Chutzpah, a Yiddish word that used to have a negative connotation, is a virtue in the modern business world, at least for some of us. A man with ‘chutzpah’ is bold, determined, utterly self-confident. Probably he’s a great salesman.
Meanwhile, women are still wary of showing chutzpah. We’re forever worried about being considered pushy — or worse. Women with chutzpah make enemies, we think: ask Jill Abramson, the (former) executive editor of the New York Times.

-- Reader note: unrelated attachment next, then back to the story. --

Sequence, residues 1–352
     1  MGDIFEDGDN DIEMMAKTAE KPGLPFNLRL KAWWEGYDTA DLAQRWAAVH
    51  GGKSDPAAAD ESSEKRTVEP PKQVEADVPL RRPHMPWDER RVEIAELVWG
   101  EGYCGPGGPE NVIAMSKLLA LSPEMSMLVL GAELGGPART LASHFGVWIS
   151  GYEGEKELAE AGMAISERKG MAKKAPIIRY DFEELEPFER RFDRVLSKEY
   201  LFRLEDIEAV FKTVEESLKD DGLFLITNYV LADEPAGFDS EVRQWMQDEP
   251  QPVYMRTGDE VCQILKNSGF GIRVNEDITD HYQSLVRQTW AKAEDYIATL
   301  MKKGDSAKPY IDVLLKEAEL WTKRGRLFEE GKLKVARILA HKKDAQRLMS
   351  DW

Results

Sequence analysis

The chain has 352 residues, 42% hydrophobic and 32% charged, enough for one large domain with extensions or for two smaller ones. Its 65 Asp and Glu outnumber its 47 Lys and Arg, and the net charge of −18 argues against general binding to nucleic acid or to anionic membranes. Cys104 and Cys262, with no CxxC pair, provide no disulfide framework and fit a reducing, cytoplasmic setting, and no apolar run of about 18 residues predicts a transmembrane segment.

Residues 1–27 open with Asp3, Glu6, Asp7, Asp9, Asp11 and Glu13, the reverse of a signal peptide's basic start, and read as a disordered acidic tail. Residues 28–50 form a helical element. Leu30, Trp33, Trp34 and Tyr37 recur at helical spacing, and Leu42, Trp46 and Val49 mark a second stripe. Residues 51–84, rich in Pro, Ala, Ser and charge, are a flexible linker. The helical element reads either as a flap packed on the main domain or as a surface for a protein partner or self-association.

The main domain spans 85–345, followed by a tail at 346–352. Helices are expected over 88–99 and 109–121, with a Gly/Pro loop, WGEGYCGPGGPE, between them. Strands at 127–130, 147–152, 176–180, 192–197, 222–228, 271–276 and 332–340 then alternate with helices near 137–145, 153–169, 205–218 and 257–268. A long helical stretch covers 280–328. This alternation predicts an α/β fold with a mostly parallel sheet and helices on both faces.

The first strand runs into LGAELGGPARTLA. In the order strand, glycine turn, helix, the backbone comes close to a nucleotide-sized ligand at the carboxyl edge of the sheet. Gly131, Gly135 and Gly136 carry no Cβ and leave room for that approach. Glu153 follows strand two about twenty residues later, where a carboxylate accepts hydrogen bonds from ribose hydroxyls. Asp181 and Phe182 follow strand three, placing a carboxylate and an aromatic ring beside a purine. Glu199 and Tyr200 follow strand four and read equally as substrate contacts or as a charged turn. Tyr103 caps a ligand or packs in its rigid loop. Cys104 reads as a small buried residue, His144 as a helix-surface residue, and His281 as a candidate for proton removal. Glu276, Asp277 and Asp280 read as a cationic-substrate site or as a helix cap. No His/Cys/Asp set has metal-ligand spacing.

But without chutzpah women are disadvantaged. I see this often in political candidates. They have charm to spare, but charm gets precisely no one elected. Political candidates want to win. What provides the muscle behind that desire? Chutzpah. It’s the nerve to ask for what you want.